At Strassburg began his intimacy with Caspar Schwenkfeld, a congenial spirit.
It is a striking example of the difficulty of getting people to use their own powers of investigation accurately, that this form of the doctrine of evolution should have held its ground so long; for it was thoroughly and completely exploded, not long after its enunciation, by Caspar Frederick Wolff, who in his Theoria generationis, published in 1759, placed the opposite theory of epigenesis upon the secure foundation of fact, from which it has never been displaced.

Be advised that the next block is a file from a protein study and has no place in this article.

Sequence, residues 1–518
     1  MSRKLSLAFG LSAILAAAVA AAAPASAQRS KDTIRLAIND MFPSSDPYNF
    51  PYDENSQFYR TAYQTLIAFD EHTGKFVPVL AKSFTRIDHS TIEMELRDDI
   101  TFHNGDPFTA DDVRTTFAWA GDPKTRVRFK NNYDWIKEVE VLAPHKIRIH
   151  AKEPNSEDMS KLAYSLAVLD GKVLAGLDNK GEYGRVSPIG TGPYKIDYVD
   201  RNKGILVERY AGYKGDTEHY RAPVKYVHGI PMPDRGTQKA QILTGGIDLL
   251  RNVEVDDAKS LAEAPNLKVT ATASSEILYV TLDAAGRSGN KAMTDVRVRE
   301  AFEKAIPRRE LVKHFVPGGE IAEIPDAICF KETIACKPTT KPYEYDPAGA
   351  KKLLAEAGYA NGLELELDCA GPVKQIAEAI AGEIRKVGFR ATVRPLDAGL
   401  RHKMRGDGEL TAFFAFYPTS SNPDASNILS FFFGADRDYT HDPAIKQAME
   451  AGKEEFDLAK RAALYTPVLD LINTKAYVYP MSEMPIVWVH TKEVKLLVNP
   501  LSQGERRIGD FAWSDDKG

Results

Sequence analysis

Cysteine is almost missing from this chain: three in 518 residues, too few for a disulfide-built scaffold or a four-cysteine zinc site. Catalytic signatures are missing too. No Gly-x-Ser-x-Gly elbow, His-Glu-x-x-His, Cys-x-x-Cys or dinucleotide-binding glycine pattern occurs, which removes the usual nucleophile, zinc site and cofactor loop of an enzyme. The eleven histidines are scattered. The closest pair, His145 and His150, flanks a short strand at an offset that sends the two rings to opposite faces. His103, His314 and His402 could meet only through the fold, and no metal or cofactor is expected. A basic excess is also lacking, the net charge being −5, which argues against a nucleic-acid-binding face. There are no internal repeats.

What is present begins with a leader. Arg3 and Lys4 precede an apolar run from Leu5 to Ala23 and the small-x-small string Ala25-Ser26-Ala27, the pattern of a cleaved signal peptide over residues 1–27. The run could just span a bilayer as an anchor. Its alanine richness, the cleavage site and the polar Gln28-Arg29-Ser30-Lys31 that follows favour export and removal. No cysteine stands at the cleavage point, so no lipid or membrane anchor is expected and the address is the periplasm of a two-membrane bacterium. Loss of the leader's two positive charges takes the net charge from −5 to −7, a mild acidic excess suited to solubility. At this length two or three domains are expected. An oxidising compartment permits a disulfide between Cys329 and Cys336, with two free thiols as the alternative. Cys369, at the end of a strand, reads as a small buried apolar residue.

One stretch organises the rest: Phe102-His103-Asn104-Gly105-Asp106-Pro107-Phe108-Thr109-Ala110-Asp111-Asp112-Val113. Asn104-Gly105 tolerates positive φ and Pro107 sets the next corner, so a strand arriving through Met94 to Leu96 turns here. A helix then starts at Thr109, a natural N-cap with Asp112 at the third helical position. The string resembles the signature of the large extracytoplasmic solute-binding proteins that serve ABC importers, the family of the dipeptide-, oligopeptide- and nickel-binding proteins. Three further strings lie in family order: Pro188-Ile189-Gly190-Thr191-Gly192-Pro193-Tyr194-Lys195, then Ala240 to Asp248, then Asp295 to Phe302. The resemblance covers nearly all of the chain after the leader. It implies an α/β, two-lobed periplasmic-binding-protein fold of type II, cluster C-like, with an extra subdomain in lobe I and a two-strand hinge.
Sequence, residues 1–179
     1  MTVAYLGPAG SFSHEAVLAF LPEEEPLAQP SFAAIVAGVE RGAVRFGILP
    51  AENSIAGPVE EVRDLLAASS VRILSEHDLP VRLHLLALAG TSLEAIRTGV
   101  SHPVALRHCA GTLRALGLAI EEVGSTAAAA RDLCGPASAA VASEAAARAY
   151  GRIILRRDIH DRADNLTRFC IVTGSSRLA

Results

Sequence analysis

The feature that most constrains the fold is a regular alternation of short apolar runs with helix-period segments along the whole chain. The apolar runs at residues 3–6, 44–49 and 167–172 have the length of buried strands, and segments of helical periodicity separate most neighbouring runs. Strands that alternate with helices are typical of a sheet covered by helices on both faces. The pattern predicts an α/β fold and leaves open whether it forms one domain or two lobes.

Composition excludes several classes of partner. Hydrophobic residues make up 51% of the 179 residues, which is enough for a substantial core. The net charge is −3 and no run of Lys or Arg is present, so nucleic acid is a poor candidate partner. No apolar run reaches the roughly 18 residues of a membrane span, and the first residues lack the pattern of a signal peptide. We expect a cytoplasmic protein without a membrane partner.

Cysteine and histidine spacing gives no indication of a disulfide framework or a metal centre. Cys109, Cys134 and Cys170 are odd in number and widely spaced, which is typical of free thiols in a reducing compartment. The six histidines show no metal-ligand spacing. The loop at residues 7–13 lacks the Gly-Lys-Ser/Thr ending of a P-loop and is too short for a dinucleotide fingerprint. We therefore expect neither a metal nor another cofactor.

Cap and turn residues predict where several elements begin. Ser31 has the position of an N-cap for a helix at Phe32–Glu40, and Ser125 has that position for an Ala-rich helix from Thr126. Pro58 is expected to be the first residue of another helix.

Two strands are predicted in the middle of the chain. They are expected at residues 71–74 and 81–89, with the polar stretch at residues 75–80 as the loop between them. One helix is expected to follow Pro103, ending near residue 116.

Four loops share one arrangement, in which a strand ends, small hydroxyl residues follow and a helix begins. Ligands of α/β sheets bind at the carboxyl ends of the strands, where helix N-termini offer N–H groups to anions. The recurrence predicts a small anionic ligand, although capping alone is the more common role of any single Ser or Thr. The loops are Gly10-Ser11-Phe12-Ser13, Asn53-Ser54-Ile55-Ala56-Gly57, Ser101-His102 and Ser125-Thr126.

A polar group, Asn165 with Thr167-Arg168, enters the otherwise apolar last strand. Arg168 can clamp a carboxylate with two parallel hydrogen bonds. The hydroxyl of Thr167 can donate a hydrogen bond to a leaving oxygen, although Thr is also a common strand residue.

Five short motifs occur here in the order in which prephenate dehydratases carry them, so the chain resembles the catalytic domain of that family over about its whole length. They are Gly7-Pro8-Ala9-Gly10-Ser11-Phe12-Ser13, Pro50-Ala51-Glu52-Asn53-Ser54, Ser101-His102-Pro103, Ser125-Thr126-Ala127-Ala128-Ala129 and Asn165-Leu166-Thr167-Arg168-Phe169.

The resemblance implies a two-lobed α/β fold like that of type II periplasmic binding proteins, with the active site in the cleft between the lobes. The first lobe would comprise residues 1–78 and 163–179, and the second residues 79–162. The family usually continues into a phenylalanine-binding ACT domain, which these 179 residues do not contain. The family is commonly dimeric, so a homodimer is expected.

This point of view was further developed in the following century by Caspar Friedrich Wolff (Theorici generationis, 1759), who first followed the development of the members at the growing-point of the stem.
He was also called upon to do battle for his principle against men like Caspar Schwenkfeld (1490-1561) and Sebastian Franck (1500-1545), the latter of whom developed a system of pantheistic mysticism, and went so far in his opposition to the letter as to declare the whole of the historical element in Scripture to be but a mythical representation of eternal truth.
He ineffectually resisted the efforts of the Calvinists, led by Caspar Olevianus, to introduce the Presbyterian polity and discipline, which were established at Heidelberg in 1570, on the Genevan model.